In case of zero-configuration debugging, you do not need to create any debug configuration. Instead, you open the starting page of your PHP application in the browser manually, and then activate the debugging engine from the browser, while IntelliJ IDEA listens to incoming debugger connections.
Initiating a debugging session
Before you start debugging, make sure that you have a debugging engine installed and configured properly. IntelliJ IDEA supports debugging with two most popular tools: Xdebug and Zend Debugger. These tools cannot be used simultaneously because they block each other. To avoid this problem, you need to update the corresponding sections in the php.ini file as described in Configuring Xdebug and Configuring Zend Debugger.
In the Settings/Preferences dialog (Ctrl+Alt+S), click PHP under Languages & Frameworks.
On the PHP page that opens, click next to the CLI Interpreter field.
In the CLI Interpreters dialog that opens, the Configuration File read-only field shows the path to the active php.ini file. Click Open in Editor.
To initiating a zero-configuration debugging session, perform these general steps.
Validate the debugging engine installation
Do any of the following:
In the command line, run the
php --versioncommand. The output should list the debugging engine among the installed extensions:
Create a php file containing the
phpinfo();function call. Then open this file in the browser. The
phpinfooutput should contain the section for your debugging engine:
Enable listening to incoming debugging connections
Toggle the Start Listen PHP Debug Connections button on the IntelliJ IDEA toolbar so it changes to . After that IntelliJ IDEA starts listening to the port of the debugging engine used in the current project. Debugging ports are set at the IntelliJ IDEA level on the Languages & Frameworks | PHP | Debug page of the Settings/Preferences dialog (Ctrl+Alt+S).
Set breakpoints in your code
Set a breakpoint in your code by doing any of the following:
Click the left gutter area at a line where you want to toggle a breakpoint.
On the main menu, choose.
Alternatively, selectto have the debugger stop as soon as connection with IntelliJ IDEA is established (instead of running automatically until the first breakpoint is reached).
Activate debugger on server
To enable starting and stopping the debugging engine from the browser, you need to set a special
COOKIEparameter. You can do it manually in the php.ini configuration file, or use one of the available browser debugging extensions. If you are using a browser for which an extension is not available, you can generate the Start Debugger/Stop Debugger bookmarklets and add them to your browser's toolbar.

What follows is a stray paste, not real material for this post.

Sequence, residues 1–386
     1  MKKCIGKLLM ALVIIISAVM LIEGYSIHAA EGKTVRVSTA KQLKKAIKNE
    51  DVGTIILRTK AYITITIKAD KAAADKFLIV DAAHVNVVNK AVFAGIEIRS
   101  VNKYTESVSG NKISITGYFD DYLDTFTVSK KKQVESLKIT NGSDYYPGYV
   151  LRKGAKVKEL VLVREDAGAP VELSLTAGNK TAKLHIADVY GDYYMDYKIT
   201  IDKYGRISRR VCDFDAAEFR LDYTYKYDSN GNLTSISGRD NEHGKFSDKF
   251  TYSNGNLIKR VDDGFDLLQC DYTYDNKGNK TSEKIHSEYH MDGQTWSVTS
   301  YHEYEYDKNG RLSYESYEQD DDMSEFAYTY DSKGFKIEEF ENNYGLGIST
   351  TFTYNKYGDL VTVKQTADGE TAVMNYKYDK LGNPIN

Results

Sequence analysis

Activate the debugging extension in your browser:
Start the debugging session
Reload the page in the browser and return to IntelliJ IDEA. In the Incoming Connection From <Debugging Engine> dialog, select the path mappings so that IntelliJ IDEA can map the remote files on the web server to the local files in your project. If you have a deployment configuration defined, IntelliJ IDEA will offer to configure the mappings based on the paths you've already set in that configuration.
After reaching the breakpoint, the debugger is suspended. You can now investigate the application.
Continue running the program and examine its frames as soon as it is suspended again.
To control the program execution manually, step through the code using the commands under the Run menu or toolbar buttons: (F7), (Shift+F8), (F8), and others. For more details, see Stepping Through the Program.
To have the program run automatically up to the next breakpoint, resume the session by choosingor pressing F9.
Specifying the scripts to skip requests to
You can also specify the scripts requests to which you want IntelliJ IDEA to ignore during debugging. This approach can be useful, when your application contains scripts that use AJAX. Suppose you have a menu-ajax-script.php that "reloads" a part of your web page. This script works properly so you do not need to debug it. However, this script is still requested during the debugging session. To have incoming connections to this script ignored, add the menu-ajax-script.php script to the skipped paths list.
In the Settings/Preferences dialog (Ctrl+Alt+S), go to .
On the Skipped Paths page that opens, configure an "ignore list" of scripts and folders with scripts not to be invoked if IntelliJ IDEA receives incoming connections to them.
To add a new entry to the list, click the or press Alt+Insert. Then click and in the dialog that opens choose the file or folder to skip connections to.
To remove an entry from the list, select it and click or press Alt+Delete. The script will be now executed upon receiving requests to it.
To have IntelliJ IDEA inform you every time it receives a request to a script to be skipped, select the Notify about skipped paths checkbox.